“I make no criticism whatsoever of the prosecuting authorities or the police, they are doing the job that we in Parliament have asked them to do but they are doing it after the fact.

“And the fact is that in many of these cases there are only two witnesses to what happened when that person died and one of those witnesses is dead. There are safeguards in this bill for the living the, the two doctors and the judge.

“In Oregon there is not one documented case of abuse or misuse, there a many rumours and urban myths … no one there has ever been changed with a crime.”

Pointing to the need for the former Director of Public Prosecutions to draw up detailed guidelines, he said: “It is time Parliament grasped this issue and social attitudes have changed.

He was challenged about concerns from doctors who oppose assisted suicide but might feel force d to step in in extreme cases, such as where a patient chokes.

“I appreciate that the medical profession in England and Wales is divided on this bill and that probably a majority are against,” he said.

“However, as far as we can tell, there is a significant minority who are in favour of this bill some of them I suspect because they would themselves like to have the option if they were terminally ill.

“There is no contradiction between this bill and having high quality palliative care – it is not a case of one or the other. “Some patients’ needs cannot be met by palliative care and they remain suffering.”

Amid a debate filled with powerful and at times emotional contributions from both sides of the argument, several MPs who worked as doctors spoke of their experiences.

Dr Whitford, the MP for Central Ayrshire, recounted how seeing one terminally ill woman go from fear to experiencing a “beautiful death” had made her decide to dedicate her career to working with cancer patients.

She spoke of being involved in journey with patients whose cancer comes back.

“That journey can lead to a beautiful death,” she said. “The biggest impact on me as a junior doctor was the death of a lady that I had looked after for many months. When I came onto the ward that night the nurses said I think Lizzie is going.

“She was curled up in her bed obviously quite upset, she said she was frightened, she didn’t know what to do. I said you don’t have to do anything, you just have to relax, you just have to let go.

“We had the family in. The West of Scotland male is not good on emotion or openness so I took her son in and I spoke to her again about what was happening to the point where he could tell her that he loved her, how much he was going to miss her.

“I went for a tea and came back and she was sitting up holding court and I thought Oh no we’ve called it wrong. But she was gone in an hour. And it was beautiful.”

Detailing the transformation in the approach to death within her career, she said: “I think we should support letting people live every day of their lives until the end and recognise that as legislators we provide the means for them to live and die with dignity and comfort not to say when you can’t [bear] it take the black capsule. I think we should vote for life and dignity and not death.”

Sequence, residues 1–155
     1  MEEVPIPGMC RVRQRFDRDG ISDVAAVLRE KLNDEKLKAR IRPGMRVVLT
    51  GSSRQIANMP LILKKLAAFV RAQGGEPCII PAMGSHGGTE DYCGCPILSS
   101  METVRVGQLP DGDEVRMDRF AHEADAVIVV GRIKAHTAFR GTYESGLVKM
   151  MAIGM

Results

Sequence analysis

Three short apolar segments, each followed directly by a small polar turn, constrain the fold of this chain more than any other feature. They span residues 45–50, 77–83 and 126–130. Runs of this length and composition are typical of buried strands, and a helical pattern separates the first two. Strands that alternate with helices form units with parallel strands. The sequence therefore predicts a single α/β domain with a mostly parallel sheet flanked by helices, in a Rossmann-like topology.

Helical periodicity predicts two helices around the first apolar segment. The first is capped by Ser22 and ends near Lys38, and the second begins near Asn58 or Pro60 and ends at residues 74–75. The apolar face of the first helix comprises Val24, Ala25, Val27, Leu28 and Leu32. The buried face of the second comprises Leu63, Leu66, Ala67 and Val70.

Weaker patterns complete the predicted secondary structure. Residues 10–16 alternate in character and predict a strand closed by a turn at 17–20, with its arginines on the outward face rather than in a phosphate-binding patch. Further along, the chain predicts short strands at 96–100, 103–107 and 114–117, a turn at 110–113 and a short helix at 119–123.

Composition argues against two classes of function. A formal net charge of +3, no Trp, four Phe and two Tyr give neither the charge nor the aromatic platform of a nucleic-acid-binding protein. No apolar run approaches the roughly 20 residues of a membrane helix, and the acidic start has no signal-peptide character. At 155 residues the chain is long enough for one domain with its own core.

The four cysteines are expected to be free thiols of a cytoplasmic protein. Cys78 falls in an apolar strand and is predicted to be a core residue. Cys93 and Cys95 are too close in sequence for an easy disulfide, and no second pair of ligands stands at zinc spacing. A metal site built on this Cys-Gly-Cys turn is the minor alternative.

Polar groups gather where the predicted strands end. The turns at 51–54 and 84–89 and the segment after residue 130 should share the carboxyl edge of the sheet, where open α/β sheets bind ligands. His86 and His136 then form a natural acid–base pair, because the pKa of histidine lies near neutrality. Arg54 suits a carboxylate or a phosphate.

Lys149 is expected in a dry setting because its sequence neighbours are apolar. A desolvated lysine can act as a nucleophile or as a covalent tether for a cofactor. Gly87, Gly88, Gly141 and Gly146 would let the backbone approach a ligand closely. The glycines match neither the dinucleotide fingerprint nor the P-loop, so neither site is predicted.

Ben Howlett, the Conservative MP for Bath, said he had come to the Chamber planning to vote in favour but had been persuaded to change his mind by Dr Whitford’s words.

Among those welcoming the vote, the Roman Catholic Archbishop of Southwark, the Most Rev Peter Smith, said the bill posed “grave risks” to the most vulnerable people in society.

“There is much excellent practice in palliative care which we need to celebrate and promote, and I hope now the debate on assisted suicide is behind us, that this will become a focus for political action,” he said.

“We hope MPs will revisit the issue at a future debate, although it will be too late for those who face dying in distress right now.”

A similar Bill, introduced by Lord Falconer, was granted a second reading by the House of Lords following a marathon and impassioned debate last year. It was subject to two days of detailed committee stage debate but failed to make progress before the election.

Sir Keir, who is now a Labour MP, detailed how he had drawn up the guidelines allowing leeway for relatives and loved-ones to offer help but not medical professionals.

He said he now believed there was an “injustice trapped” in the guidelines – that those who wish to end their lives can in practice receive amateur assistance from loved-ones but not professional help unless they have the ability and the means to travel abroad.

But Nadine Dorries, the Conservative MP and former nurse, said thousands of people with no close relatives who effectively count the state as their only next of kin would find themselves in a unenviable position if the law sanctioned assisted dying.

“That sends a shiver down my spine,” she said.

Dr Liam Fox, the former Defence Secretary gave an impassioned speech against a change in the law which he said would force doctors and nurses into an “ethical trap” in the most difficult circumstances.

Recalling his time as a young doctor in Glasgow Royal Infirmary, he said: “I very often would be sitting with a dying patient and there is a very strong temptation to end their suffering.

“I believe anything that increases this pressure on doctors is an ethical trap which I do not want to see.”

He said the principle of “double effect” – in which strong medication given to reduce pain also hastens a patient’s death – was widely accepted.